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Facebook is Getting Back to Its Roots of Family, Friends, & Groups

facebook algorithm

Expect big changes to your Facebook feed in 2018

If you've been following politics then you're aware of the troubles Facebook has recently encountered due to disseminating Russian propaganda or "fake news." Last week, Mark Zuckerbrerg made a huge announcement that doesn't directly address the fake news issue but certainly sends the message that they don't want to be responsible to the public for editorial integrity.

Facebook is updating its algorithm to re-prioritize "meaningful interactions" on your Facebook feed. What that means for you is less content from the publishers and news sites that you've chosen to follow. This decision feels like a heavy-handed over-correction to their fake news issue. Facebook almost certainly has the means to efficiently address the issue of misinformation. For example, rather than silencing all publishers they could instead require a level of editorial authentication. That way, a random person couldn't create a site that looks like a news outlet and spread their links on the social platform. I suspect though that this over-correction will greatly benefit Facebook's financials and their latest congressional issues are just a convenient excuse.

What's important to understand about Facebook is that it doesn't make its money by helping you to stay connected to people. In reality, Facebook makes its money from the ads publishers and companies buy to get onto your feeds. Facebook is an ad company and the more competitive their ad space is, the more they can charge for it.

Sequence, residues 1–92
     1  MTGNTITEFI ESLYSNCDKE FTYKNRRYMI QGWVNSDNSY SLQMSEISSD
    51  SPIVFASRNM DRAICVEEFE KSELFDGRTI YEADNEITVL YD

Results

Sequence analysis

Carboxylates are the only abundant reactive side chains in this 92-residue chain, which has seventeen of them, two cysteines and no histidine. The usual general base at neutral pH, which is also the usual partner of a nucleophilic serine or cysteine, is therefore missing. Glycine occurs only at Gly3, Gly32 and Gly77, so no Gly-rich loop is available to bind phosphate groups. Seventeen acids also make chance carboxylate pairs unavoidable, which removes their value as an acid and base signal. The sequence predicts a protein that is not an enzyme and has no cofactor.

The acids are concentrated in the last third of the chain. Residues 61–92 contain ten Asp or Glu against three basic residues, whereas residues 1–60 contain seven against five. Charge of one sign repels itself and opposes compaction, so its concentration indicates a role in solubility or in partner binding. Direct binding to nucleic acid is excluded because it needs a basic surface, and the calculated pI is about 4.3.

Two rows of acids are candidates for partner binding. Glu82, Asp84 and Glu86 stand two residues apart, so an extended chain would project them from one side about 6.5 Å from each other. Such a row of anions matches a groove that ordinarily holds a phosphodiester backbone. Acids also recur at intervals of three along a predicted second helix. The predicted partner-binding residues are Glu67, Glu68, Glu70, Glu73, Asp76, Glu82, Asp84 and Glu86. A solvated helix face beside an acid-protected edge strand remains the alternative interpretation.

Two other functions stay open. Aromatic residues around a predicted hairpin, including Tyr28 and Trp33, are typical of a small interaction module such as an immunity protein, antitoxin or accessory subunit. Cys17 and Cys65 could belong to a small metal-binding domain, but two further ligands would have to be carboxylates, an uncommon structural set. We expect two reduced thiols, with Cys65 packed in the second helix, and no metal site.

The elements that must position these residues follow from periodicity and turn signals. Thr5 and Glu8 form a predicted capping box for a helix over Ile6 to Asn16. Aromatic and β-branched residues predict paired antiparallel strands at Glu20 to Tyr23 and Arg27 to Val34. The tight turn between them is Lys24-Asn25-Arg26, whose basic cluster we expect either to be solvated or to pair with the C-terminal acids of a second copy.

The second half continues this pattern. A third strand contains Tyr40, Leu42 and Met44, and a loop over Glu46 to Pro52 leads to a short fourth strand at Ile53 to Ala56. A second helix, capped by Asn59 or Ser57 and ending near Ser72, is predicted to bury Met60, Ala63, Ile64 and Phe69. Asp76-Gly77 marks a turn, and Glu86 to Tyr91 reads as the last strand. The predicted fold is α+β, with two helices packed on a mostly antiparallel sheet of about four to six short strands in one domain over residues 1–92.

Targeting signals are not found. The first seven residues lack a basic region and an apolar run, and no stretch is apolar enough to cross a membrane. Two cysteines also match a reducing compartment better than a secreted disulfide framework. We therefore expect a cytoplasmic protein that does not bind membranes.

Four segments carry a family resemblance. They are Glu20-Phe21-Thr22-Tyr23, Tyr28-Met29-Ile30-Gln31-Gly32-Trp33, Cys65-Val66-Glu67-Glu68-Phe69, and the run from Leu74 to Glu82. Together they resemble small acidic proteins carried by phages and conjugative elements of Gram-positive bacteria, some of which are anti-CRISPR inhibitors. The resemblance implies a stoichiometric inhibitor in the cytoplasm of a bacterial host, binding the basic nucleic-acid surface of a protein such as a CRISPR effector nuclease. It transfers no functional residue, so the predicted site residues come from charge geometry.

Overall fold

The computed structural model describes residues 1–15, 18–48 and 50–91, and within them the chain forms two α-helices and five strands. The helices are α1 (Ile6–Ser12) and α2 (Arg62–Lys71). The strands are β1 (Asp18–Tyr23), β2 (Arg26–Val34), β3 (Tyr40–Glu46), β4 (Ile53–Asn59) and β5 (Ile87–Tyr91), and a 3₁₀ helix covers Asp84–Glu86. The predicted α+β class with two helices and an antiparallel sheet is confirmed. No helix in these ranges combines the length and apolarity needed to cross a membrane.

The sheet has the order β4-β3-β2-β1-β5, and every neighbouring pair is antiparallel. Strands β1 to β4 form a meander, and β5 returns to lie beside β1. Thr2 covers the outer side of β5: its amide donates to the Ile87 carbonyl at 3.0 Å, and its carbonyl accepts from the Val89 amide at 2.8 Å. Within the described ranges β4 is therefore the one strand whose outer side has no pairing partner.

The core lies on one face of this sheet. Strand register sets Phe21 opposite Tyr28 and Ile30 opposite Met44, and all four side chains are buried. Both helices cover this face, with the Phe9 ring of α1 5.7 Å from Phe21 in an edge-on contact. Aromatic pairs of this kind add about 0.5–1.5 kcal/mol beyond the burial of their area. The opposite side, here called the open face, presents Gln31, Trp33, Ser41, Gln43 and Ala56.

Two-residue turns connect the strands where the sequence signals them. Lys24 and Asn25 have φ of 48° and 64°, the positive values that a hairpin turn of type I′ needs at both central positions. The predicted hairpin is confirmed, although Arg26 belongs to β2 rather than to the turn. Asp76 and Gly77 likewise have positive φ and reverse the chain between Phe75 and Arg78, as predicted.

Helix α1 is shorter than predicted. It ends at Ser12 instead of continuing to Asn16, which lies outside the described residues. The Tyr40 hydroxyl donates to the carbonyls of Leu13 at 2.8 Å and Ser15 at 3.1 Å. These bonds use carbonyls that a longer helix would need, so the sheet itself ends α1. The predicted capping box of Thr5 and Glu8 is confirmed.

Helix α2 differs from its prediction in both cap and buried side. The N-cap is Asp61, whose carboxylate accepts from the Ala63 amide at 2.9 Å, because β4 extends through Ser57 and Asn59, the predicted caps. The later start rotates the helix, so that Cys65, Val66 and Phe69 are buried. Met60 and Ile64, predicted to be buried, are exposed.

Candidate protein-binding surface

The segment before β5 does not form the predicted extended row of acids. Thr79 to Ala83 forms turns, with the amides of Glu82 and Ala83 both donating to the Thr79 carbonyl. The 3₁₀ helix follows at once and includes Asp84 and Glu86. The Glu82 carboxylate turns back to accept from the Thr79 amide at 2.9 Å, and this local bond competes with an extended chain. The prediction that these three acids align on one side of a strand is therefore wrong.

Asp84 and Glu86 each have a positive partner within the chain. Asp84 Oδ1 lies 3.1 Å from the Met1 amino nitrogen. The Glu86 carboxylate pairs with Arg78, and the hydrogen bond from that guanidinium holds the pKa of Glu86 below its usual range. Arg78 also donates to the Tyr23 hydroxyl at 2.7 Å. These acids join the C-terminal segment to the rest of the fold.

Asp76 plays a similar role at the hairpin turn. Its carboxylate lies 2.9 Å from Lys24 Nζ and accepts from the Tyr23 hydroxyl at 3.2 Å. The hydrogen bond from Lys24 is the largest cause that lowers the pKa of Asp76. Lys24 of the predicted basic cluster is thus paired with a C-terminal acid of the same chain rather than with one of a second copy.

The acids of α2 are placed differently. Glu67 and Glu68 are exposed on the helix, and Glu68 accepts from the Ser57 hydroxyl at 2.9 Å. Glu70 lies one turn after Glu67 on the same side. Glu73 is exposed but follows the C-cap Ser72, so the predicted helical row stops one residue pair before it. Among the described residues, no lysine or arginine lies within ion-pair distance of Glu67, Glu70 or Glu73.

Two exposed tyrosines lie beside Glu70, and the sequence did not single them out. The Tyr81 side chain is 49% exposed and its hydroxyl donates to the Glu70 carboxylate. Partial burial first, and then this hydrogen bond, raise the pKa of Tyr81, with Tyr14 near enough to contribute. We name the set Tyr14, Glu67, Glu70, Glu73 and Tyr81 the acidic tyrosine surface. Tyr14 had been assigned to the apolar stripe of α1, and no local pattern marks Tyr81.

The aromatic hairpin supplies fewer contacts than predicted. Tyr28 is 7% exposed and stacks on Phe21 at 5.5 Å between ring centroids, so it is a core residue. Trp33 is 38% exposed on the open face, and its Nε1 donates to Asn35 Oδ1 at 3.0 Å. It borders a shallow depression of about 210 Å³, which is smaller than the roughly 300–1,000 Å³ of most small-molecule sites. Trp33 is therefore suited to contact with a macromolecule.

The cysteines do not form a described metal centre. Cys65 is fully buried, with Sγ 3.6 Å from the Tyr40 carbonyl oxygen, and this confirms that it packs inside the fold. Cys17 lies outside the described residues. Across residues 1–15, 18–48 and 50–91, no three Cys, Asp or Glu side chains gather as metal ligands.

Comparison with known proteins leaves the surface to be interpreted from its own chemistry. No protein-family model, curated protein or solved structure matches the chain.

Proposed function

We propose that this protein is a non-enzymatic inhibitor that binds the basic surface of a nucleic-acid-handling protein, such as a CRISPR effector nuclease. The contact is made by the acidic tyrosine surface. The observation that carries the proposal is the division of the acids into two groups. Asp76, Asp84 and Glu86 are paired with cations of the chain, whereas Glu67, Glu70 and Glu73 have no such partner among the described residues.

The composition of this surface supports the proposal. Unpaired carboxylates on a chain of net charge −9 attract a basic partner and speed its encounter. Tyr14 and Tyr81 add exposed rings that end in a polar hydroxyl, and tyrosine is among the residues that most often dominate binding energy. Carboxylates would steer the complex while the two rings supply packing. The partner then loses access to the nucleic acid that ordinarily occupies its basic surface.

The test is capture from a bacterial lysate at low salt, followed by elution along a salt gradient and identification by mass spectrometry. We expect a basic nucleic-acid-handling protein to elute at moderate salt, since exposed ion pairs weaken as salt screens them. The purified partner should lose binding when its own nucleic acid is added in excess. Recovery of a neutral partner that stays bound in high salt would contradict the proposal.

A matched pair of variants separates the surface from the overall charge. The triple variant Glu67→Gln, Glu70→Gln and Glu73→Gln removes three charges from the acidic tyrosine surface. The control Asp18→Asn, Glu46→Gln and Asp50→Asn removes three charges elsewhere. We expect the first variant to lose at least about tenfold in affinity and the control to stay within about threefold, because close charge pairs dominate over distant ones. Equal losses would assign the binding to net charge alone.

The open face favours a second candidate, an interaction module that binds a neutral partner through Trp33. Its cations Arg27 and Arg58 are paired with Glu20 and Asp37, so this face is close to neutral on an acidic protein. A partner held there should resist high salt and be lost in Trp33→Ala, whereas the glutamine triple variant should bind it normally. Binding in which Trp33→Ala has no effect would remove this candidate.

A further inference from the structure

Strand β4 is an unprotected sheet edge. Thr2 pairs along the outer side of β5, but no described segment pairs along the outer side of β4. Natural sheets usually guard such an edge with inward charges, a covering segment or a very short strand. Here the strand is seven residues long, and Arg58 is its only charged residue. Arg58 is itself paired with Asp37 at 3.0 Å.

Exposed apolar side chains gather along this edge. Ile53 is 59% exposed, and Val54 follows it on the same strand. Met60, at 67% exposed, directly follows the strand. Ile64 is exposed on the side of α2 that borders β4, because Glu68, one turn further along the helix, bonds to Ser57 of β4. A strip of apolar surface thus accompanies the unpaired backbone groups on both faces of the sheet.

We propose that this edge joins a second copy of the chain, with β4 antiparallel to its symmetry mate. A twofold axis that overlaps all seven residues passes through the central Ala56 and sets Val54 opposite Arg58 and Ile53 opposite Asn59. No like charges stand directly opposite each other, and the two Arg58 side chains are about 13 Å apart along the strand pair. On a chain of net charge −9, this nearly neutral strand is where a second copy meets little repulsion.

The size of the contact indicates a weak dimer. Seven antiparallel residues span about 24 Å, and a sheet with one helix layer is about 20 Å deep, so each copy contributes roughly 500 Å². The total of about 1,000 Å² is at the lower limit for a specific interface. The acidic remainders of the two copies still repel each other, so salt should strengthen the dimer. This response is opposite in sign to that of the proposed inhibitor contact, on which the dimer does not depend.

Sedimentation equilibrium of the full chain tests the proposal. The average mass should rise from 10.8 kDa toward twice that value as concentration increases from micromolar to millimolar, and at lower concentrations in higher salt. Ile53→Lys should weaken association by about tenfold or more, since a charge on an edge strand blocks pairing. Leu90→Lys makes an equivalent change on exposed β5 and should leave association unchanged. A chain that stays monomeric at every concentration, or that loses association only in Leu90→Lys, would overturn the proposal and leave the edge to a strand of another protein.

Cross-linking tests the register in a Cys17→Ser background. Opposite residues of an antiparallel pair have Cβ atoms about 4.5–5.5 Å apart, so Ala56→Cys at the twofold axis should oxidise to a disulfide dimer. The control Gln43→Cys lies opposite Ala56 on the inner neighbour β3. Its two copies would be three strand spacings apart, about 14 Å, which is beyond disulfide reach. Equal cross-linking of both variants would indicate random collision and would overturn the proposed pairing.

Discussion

This latest algorithm change isn't the first time Facebook has stifled publisher's abilities to organically deliver the content you've chosen to see. Today, if you follow our site on Facebook there's only a 1% chance that you will see updates from us on your feed. Instead, you're seeing updates from people you know but primarily ads from companies who have paid to get onto your feed. Currently, if we want more of our Facebook followers to see our content then we have to buy ads. Going forward, Facebook has announced that you have even less than a 1% chance of seeing our content. For publishers who rely on Facebook to build relationships with their readers, this is a huge blow.

If history is any indication it sounds like your Facebook feed will go to whichever companies and publishers are willing to pay the highest bid. On the other hand, Mark Zuckerberg, Facebook CEO, cited that studies show that people spending passive time scrolling through their news feed makes them unhappy. Facebook doesn't want to be known for detracting from its users' overall well-being, and that I can appreciate.

What Zuckerberg is referring to is not just an issue with Facebook. Every social media platform's goal is to grow their user base enough to turn their feeds into desirable ad space. In that sense, all social media sites are ad companies. Or, at least they're aspiring to be. At a certain point, all social media sites depart from their original charm and devolve into an ad disseminating powerhouse. So, this algorithm change while almost certainly make Facebook a lot more money. But, it could also trigger a richer cultural shift for social media. Maybe this means Facebook will indeed get back to its roots of a more genuine platform for connecting?

So what are your thoughts? How has your usage of Facebook changed over the years? How do you feel about Facebook making it harder for you to get content from the publishers you enjoy? Let's discuss below.